Dilution of Artistic Genius?

25Aug10

Thank God for YouTube.

Just this morning, a random event cause an old Jerry Lewis bit to pop into my head. From the movie Errand Boy, Lewis does a pantomime to Count Basie’s fabulous Blues In Hoss Flat. The bit, called Chairman of the Board, is an elegant example of comedic genius, without a single spoken word. I remember when I first saw it – I was sick with a flu, home from school, in the mid 1960’s (the movie released in 1961).

I located the clip on Youtube this morning and within minutes of posting it, one of my old high school classmates posted a comment with a link to yet another old bit – this one even more elaborate and utterly astonishing in its perfection. Sid Caesar and Nanette Fabray performed a pantomime of a marital spat to Beethoven’s 5th, LIVE on Sid and Imogene Coca’s spectacular comedy program, Your Show of Shows (the program was the debut for a fellow named Carl Reiner, who moved on to create the Dick Van Dyke Show). How often can a wordless skit grip your attention for six minutes?

These comic artists – and dozens more from well before – e.g., Charlie Chaplin,W.C. Fields, Groucho Marx, Stan Laurel and Oliver Hardy, hell, even the Howard brothers – displayed an art that combined physical movement, timing, language (watch Sid Caesar’s work with foreign “languages”), and above all, intellect. They tower over the current comic stars of the day, I say.

Perhaps there is something in the old way that appeals to the senses in a way that current style does not. There is more physical movement, subtlety, understatement, maybe?

Are there similarities in the evolution of the fiction you read? How do your favorite contemporary writes compare to the predecessors of their genre?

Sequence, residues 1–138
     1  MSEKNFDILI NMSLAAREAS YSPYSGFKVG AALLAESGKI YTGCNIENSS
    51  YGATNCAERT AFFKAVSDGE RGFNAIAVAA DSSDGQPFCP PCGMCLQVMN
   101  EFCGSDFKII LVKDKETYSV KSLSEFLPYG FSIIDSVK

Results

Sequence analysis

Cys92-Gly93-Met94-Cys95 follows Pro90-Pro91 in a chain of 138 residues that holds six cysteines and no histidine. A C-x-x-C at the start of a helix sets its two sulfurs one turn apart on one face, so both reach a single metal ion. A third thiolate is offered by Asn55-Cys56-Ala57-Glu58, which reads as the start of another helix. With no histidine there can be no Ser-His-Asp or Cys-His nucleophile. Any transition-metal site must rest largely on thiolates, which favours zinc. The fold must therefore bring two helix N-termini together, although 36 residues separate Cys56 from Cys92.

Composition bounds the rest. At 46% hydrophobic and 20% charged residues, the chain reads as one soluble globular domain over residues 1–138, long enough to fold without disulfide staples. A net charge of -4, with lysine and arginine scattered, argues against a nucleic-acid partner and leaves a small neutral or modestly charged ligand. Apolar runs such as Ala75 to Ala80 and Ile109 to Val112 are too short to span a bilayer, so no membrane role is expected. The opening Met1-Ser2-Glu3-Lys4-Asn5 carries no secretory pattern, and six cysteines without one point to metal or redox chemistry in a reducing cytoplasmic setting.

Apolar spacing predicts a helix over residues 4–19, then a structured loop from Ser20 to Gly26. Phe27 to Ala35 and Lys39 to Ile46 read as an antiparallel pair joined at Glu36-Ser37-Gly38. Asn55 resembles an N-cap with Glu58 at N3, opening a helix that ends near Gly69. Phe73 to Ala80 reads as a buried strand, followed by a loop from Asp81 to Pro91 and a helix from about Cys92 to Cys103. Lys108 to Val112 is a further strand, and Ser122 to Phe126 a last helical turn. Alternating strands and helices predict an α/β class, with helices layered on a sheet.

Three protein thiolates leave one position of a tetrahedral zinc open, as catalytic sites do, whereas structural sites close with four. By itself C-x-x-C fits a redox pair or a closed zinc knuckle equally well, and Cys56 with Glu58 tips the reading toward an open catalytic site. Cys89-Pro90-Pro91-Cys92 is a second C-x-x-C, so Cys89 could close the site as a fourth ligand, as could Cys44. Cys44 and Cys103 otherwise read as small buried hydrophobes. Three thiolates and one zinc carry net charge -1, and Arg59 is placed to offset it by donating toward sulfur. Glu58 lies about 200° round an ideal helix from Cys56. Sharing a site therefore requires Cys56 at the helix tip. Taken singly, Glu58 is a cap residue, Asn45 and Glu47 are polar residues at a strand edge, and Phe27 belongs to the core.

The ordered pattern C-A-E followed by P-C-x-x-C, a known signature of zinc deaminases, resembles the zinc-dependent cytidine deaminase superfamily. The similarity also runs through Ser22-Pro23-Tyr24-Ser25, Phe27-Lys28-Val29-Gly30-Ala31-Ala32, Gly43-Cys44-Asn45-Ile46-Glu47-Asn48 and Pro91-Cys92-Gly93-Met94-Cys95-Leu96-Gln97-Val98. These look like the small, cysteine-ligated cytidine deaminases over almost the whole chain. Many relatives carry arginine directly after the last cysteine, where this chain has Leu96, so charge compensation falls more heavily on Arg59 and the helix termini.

As well, in music? Art?

Has it all really been done before? Or are there still real, genuine pioneers in their artistic fields? Who are they?

I know one thing – I’m going back to watch some Youtube clips, and none of them are newer than 1990.

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6 Responses to “Dilution of Artistic Genius?”

  1. I applaud this post, and would like to bring up the interaction between the Marx Bros, including the only female brother ever, Margaret Dumont.

    Groucho’s witticisms are great, but for someone like me, watching their movies in Finland with less-than-perfect translations of his jokes, I loved to watch the entire team in their treadmill physical gags, such as http://www.youtube.com/watch?v=7YNiedDhsAs. No language skills needed to appreciate the timing.

  2. 3 Phillipa

    I think some of the old wordless Looney Tune cartoons are brilliant. I’m thinking of one inparticular where Bugs Bunny (or Porky Pig, not sure) trys to sleep while a tap drips. I’m sure there are other examples from these cartoons where they rely mainly on timing, facial expression and other visual gags.

    I’m going to think about your questions re art/music/books a litle longer

    • Yes, that one was great – but don’t forget, the MUSIC was an essential element to that, too. It was Bugs, I believe.

      And I’ve been thinking about the questions myself but haven’t had any earth shattering revelations.

  3. 5 Phillipa

    Had my coffee and a bit of a think…

    Books/music/film reflect the culture at the time of their creation, they are addressed to those who exist in that specific space and time. If they still speak to us many years after that culture has gone, if they say something about who we were then and who we are now and what we will become, if they have that resonance then they endure. The other stuff merely becomes quaint or vaguely interesting windows back onto a past way of thinking or being, curiosities in a junk shop to pick up and muse on for a second and then forget.

    I think there will be many more works of genius in centuries to come, as well as a vast, unbelievably huge amount of junk shop curios.

    This is what I thought, but not sure it answers those questions

  4. Why say anything when this says everything?

    “I think there will be many more works of genius in centuries to come, as well as a vast, unbelievably huge amount of junk shop curios.”

    Nicely summed up.

    I think before we can recognize something as great, we need time and space. Things may appeal to the current masses now and never have any staying power. Likewise, something thought dowdy and drab now may forever remain listless and fodder for the junk shop curios, or, it may end up being the best thing to come out of a century.

    Only time will tell.


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